While the speaker itself is a disappointment, the listening experience is completely different if you connect a Bluetooth speaker or earbuds. The Edge 5G UW supports Verizon Adaptive Sound, which is Verizon’s version of spatial audio. I connected my AirPods Pro and my Pixel Buds to test the feature, and it makes a big difference. The bass boost mode is similar to the Pixel Buds bass boost option, but Verizon Adaptive Sound provides you with a number of presets and a customizable equalizer as well.
The Edge 5G UW features a 108MP main camera sensor, which is a massive upgrade over the previous generation of the hardware. That’s backed up by an 8MP ultrawide camera and a 2MP depth sensor. Around front, you’ll find a decent 32MP selfie shooter.
The 108MP main sensor turns in extremely strong results given decent lighting, with brilliant color and excellent details. Shots also turned out pretty good in mixed lighting conditions, like landscape photos that included bright swaths of sky and deep shadows on the ground. In lower lighting conditions, like dim light inside, I noticed more noise than I’d like. The same is true of night mode shots, which came out plenty bright even in relatively dark conditions, but at the price of a lot of grainy noise.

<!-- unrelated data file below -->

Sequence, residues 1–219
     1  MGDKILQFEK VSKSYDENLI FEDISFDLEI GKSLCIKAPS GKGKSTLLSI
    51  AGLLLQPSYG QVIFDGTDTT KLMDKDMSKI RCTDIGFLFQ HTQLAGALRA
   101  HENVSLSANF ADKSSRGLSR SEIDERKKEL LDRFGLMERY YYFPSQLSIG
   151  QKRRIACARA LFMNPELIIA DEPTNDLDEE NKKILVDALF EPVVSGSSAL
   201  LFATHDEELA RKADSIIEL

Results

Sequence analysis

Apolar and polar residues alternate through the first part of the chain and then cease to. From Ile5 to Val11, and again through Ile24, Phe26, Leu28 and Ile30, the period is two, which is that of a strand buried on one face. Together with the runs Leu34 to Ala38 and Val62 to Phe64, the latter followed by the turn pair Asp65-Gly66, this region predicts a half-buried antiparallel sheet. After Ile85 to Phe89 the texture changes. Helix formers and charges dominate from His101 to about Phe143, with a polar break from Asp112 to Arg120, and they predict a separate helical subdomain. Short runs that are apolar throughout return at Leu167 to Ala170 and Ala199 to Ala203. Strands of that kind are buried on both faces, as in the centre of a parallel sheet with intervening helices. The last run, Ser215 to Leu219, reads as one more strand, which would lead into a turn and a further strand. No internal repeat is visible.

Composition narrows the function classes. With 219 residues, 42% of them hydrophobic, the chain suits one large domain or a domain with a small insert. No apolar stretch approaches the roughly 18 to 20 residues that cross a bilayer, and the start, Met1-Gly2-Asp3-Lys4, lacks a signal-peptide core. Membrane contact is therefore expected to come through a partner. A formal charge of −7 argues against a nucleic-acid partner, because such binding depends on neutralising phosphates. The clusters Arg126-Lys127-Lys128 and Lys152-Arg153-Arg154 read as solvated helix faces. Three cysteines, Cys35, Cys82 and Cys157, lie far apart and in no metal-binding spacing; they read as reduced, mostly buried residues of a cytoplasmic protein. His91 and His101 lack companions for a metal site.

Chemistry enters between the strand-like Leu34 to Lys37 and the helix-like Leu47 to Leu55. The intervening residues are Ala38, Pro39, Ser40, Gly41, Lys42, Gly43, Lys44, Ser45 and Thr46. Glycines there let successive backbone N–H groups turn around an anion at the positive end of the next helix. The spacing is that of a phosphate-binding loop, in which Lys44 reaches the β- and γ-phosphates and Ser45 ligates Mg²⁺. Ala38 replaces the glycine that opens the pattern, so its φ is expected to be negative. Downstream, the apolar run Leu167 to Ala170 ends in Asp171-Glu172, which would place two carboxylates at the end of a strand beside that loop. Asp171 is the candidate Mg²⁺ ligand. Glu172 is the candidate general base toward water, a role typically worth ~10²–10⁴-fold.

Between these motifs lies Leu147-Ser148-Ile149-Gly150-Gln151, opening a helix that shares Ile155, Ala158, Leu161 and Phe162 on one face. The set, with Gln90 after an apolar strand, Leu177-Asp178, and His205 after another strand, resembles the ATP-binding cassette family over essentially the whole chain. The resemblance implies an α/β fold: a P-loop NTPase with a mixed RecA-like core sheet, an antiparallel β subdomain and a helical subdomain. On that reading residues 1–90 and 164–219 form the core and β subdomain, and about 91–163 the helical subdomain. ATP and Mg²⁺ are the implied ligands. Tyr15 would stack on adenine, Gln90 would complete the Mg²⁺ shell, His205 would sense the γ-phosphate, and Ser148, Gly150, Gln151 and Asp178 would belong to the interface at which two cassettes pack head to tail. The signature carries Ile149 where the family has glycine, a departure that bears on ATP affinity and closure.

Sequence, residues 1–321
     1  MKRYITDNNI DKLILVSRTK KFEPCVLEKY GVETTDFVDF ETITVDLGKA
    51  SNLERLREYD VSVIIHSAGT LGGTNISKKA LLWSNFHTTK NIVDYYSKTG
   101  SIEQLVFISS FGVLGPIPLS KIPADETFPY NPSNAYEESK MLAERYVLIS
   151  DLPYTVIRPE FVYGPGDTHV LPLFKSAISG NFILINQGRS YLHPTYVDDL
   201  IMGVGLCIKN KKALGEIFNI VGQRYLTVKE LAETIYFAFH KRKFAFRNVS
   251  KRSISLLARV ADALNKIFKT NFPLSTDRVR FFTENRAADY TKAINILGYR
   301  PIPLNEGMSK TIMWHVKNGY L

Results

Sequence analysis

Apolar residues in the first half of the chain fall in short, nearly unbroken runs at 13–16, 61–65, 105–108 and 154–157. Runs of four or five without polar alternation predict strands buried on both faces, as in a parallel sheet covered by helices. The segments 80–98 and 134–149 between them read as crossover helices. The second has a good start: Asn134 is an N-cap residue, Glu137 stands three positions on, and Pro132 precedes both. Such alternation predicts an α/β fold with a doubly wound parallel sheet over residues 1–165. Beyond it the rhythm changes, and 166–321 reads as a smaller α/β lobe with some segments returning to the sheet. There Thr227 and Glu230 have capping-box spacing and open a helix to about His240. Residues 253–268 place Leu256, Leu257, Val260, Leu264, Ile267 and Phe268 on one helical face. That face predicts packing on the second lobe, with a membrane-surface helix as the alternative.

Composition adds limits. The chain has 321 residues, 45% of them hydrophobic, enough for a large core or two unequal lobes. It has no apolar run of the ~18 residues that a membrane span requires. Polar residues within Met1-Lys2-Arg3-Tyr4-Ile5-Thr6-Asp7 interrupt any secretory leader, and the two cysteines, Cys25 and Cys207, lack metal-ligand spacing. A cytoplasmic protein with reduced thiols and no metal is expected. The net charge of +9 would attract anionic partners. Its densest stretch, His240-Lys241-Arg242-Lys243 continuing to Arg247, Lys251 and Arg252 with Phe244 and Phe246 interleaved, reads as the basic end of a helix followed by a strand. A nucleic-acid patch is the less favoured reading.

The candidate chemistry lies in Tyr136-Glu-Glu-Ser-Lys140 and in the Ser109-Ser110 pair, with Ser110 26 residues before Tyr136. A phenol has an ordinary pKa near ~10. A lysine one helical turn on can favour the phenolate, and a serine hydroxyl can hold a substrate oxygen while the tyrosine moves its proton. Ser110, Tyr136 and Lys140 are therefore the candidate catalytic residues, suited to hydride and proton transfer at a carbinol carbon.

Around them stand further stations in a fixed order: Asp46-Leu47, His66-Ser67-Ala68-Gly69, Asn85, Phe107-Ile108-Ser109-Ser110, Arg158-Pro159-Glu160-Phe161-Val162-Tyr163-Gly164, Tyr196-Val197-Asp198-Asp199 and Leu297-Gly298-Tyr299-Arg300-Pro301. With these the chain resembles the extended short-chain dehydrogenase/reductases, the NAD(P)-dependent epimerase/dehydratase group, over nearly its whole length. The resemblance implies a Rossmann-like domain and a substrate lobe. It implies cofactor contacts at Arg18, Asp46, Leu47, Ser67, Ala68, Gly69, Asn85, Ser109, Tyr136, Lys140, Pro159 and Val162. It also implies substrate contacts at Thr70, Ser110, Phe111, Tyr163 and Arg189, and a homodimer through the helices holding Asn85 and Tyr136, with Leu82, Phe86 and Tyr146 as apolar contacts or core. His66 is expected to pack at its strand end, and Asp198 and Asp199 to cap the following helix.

The front camera works well enough for selfies and video chat, but it doesn’t turn in the kind of results I expected just from the raw numbers. I noticed a lot of grain in shots taken in anything less than perfect lighting, but details came out pretty good. Portrait mode washes out both colors and details, softening and lightening everything.
The camera comes with a number of fun and useful options beyond portrait mode. Spot color lets you pick one color and have everything else in the shot rendered in grayscale, cutout lets you capture images of people with the background automatically cut out, and dual capture lets you snap a shot with the main camera and selfie cam at the same time — just in case that’s something you ever wanted to do.
The Edge 5G UW ships with Android 11, and it’s pretty close to a stock experience. Motorola adds some functionality on top, with the same focus on gestures that it’s had for a while, but most things work the way you would expect.